San Diego Real Estate Blog

How Our Industry Operates: Why do agents take on overpriced listings?

Why is it that real estate agents will list your home, even when they know it's overpriced and will not sell? Here's the truth about how our industry operates. We are taught to take the listing no matter what, even if the agent believes that it is overpriced and will not sell, because we're told to do two things. One, is to build a relationship with you over time and slowly get that price down until it finally sells. Two, is we're taught that we can use your property as a place to play so we can put that billboard in your yard, the for sale sign to generate leads from other buyers, the open houses, so that all the people that end up coming to your property will see it. Even if they don't buy your home, we can still use it to find leads that will buy other properties. We literally are told you could do two or three sales just from having a listing.

If you're ever wondering why would a business person take a listing? And if they don't believe in the price, why will they still accept it? And why do agents do this? That's why. I'm sharing this with you because not everybody operates that way, but you do have to understand who you're doing business with. You have to ask the right questions and we have to take a look at the data. If there's absolutely no support for what's being proposed to be done, then at least raise an eyebrow and make sure that person has the track record. I want a more transparent industry. I want to expose the truth.

Letting the public know what's really going on and how real estate operates and what agents are taught is a really good way for you as a seller and consumer to make decisions around how you're going to do business and who you're going to do it with.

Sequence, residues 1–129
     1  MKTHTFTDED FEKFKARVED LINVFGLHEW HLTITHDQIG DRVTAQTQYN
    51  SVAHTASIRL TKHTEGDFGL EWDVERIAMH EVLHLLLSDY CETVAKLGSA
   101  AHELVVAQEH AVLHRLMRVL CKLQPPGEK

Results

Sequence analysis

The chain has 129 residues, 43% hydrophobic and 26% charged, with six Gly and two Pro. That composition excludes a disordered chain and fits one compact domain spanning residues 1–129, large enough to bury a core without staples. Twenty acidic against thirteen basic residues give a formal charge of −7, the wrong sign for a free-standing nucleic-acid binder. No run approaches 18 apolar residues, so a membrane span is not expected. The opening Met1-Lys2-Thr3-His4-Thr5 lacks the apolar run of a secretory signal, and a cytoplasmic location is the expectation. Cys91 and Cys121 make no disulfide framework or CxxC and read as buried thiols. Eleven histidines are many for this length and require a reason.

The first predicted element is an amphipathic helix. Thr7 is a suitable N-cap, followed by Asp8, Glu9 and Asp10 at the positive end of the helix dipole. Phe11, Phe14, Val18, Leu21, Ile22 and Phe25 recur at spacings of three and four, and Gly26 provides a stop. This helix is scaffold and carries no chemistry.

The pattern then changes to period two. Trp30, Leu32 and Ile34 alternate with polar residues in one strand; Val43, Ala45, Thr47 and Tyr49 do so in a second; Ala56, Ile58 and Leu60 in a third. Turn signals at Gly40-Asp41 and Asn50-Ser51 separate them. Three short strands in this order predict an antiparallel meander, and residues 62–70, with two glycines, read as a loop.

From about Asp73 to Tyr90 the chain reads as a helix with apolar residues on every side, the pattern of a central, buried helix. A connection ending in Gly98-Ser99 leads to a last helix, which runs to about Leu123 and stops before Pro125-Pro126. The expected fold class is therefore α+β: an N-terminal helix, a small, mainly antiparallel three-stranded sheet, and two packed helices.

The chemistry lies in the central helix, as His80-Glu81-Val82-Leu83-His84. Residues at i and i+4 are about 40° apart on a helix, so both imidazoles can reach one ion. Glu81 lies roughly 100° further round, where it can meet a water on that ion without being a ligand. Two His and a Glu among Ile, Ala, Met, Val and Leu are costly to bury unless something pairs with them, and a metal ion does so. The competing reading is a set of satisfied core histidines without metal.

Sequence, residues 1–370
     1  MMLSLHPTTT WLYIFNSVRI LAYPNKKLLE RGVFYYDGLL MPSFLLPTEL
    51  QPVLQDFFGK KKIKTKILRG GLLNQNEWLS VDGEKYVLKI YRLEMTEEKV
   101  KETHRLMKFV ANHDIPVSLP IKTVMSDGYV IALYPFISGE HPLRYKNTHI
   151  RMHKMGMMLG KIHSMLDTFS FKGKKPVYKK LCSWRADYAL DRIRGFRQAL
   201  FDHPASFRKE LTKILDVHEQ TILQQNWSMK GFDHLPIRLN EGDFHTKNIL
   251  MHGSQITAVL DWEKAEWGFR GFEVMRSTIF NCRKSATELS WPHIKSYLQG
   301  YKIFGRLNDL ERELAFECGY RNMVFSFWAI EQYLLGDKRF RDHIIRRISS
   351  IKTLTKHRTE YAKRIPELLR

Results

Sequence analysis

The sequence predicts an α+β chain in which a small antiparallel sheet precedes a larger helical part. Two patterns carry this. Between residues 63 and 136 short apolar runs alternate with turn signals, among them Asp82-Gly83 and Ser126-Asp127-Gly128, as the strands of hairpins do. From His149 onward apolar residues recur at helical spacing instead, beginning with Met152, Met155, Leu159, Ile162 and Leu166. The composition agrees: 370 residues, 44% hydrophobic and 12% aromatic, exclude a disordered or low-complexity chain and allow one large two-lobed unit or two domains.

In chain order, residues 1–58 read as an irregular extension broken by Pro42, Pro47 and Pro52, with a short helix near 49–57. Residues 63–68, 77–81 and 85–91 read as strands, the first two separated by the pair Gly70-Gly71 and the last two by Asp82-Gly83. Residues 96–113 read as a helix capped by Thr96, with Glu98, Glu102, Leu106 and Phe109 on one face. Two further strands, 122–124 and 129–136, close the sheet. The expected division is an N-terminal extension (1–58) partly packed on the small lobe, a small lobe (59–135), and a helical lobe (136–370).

The Only 3 Things That Really Impact Your Home Value

There are a lot of factors in what determines your home value, but there are only three things that really make the most impact on the value of your home and how much equity you're going to be taking out of it.

#1: Competition

There's always competition for property, but typically the competition is between buyer and seller; the two of them fighting it out amongst each other. The buyer is focused on what the seller wants, what's the best price I could get, what offers should I make to get the best value?

Well, the number one factor here is you have to take the attention of the buyer, away from you as a seller, and instead pin buyer versus buyer. Creating a buyer versus buyer environment where you take control of the sale and have them fight it out amongst each other is the number one thing.

#2: Eliminate Deferred Maintenance 

These are things that are broken, torn, and obvious. Don't think about things like the oven, for example. The oven may not function, but you don't have to place that much focus or attention on it in terms of preparing for the sale because nobody's coming to your house and baking cookies during the showings. Of course, you'll want to disclose this and it will have to get addressed, but it's not going to impact what buyers will offer. However, when there's something that's just clearly out of place and distracting people's visual experience, it gets them into a place where they're thinking to themselves, “how much will it cost to fix this?” Plus, it starts to get worse from there because of course, they start to wonder what else in the house doesn't work. What else hasn't been taken care of. Ultimately ends up costing you a lot more,...